Maryland Home of NASA Pioneer and Former Sen. John Glenn Lists for $1.65M
John B. Carnett/Bonnier Corporation via Getty ImagesThe Maryland home of the late astronaut and four-term U.S. Sen. John Glenn, D-Ohio, is on the market for $1.65 million.
Last month, hundreds of people lined up for a four-day estate sale at the house, which included (among many things) Glenn’s old leather flight jackets, his Senate seat, an official china set only given to sitting U.S. senators, and clothing from his 1998 NASA mission, where, at the age of 77, he became the oldest person to fly in space.
Built in 1990, Glenn’s five-bedroom, five-bath Cape Cod-style house served as his home base for years while he worked on nearby Capitol Hill. Located on a more than half-acre lot at the end of a cul-de-sac, the house overlooks the TPC Potomac golf course in Bethesda, MD.
Backyardrealtor.comThe house has a perfectly symmetrical design, with double doors that open to a two-story foyer. Stairs lead up to the bedrooms, and down to a ground-floor recreation room and the patio outside. There are fireplaces in both the formal dining room and den, which has a wall-length, built-in bookcase.
Denrealtor.comThere’s an open-concept kitchen, informal dining area, and living room with another fireplace. Large, sliding-glass doors open to a second-story deck.
Kitchenrealtor.comGlenn’s master bedroom had 14-foot-tall vaulted ceilings, with a loft platform leading to the home’s upper level.
Downstairs, there’s a large recreation room, wet bar, and a row of French doors that open to the patio. Glenn’s office was located on the ground floor (the listing photos show a model rocket on his desk). Elsewhere, there’s a wine cellar, firepit, and a three-car garage.
Officerealtor.comGlenn died in late 2016, at the age of 95. He had, unquestionably, one of the most interesting careers of any American born in the 20th century.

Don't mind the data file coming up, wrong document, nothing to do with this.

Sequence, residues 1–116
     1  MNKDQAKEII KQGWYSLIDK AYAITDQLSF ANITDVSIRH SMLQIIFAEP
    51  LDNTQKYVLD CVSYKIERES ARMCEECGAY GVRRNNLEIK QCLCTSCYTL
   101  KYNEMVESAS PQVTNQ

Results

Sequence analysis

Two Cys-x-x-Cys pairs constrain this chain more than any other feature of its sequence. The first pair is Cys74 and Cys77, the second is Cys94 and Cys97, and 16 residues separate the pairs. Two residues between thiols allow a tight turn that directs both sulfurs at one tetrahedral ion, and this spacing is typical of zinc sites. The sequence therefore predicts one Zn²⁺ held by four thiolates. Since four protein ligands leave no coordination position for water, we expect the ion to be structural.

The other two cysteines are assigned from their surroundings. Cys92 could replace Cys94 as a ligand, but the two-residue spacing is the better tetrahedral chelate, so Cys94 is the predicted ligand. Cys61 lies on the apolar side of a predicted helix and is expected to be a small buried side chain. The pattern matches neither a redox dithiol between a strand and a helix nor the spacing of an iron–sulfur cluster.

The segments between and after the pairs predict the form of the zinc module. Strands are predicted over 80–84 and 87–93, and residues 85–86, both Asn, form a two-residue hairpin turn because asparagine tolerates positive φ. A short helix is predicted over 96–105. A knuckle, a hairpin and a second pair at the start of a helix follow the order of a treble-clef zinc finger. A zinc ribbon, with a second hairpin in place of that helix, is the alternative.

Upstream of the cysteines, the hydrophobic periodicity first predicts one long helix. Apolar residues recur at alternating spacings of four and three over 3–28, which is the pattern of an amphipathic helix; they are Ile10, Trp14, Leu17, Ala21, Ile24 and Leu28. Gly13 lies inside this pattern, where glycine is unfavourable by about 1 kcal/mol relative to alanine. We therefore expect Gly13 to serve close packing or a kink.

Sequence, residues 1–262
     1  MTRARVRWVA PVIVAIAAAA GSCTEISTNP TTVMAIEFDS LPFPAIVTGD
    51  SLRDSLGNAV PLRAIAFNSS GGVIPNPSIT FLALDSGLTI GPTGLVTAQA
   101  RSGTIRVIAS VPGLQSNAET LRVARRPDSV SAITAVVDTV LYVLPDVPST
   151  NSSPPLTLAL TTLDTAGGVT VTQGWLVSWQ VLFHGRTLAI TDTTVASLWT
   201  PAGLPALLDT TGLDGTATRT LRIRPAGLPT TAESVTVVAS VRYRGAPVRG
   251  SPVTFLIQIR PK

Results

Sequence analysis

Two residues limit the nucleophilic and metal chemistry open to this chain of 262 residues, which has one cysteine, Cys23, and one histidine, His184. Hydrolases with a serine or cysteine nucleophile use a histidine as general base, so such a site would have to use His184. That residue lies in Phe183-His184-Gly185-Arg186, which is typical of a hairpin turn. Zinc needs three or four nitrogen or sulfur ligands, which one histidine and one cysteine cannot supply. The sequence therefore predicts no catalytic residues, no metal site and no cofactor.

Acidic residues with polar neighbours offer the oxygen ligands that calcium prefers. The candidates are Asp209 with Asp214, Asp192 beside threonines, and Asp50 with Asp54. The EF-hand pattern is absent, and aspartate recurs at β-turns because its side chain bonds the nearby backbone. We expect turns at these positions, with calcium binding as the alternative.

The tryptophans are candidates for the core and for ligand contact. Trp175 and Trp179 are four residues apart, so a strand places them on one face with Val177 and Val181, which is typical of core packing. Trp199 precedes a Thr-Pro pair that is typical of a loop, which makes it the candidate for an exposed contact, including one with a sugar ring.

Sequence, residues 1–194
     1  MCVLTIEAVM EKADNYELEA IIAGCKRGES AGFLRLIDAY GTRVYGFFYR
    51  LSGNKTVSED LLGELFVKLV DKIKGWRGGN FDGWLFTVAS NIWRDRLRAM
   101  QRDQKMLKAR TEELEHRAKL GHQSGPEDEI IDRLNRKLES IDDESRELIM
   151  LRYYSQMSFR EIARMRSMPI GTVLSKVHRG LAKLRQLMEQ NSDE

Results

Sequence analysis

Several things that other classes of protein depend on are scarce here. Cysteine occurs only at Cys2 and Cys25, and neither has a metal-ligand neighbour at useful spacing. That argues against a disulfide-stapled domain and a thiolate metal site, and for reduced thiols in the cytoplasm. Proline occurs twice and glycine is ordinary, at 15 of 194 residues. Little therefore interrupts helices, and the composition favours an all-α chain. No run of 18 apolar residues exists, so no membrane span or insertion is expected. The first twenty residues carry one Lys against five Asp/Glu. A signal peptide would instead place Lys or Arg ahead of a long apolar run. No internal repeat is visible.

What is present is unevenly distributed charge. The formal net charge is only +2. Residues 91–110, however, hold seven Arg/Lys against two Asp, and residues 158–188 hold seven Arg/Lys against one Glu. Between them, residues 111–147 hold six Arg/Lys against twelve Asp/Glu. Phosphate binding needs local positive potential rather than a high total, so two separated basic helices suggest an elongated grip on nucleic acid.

He joined the U.S. Marines at the outbreak of World War II, and flew combat missions in the Pacific, and later, fighter jets in the Korean War. By the mid-1950s, he had signed up as an experimental test pilot, routinely flying dangerous missions in supersonic jets. As a test pilot, he set the transcontinental speed record—flying from California to New York in three hours and 23 minutes.
NASA recruited Glenn after the Soviet Union launched Sputnik, sparking the space race. In 1962, with 135 million people watching on TV, Glenn climbed aboard the Friendship 7, and spent nearly five hours orbiting the Earth—becoming the first American to do so. He later served in the U.S. Senate from 1974 to 1999 in his home state of Ohio.
Glenn’s children, Carolyn Ann and David, organized last month’s estate sale and are coordinating the home sale. While preparing for the estate sale, Glenn’s family discovered a mysterious vial in his sock drawer, filled with what appeared to be small rocks, NBC Washington reports. The vial was sent to NASA Goddard for testing.
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Author: Luke Stangel
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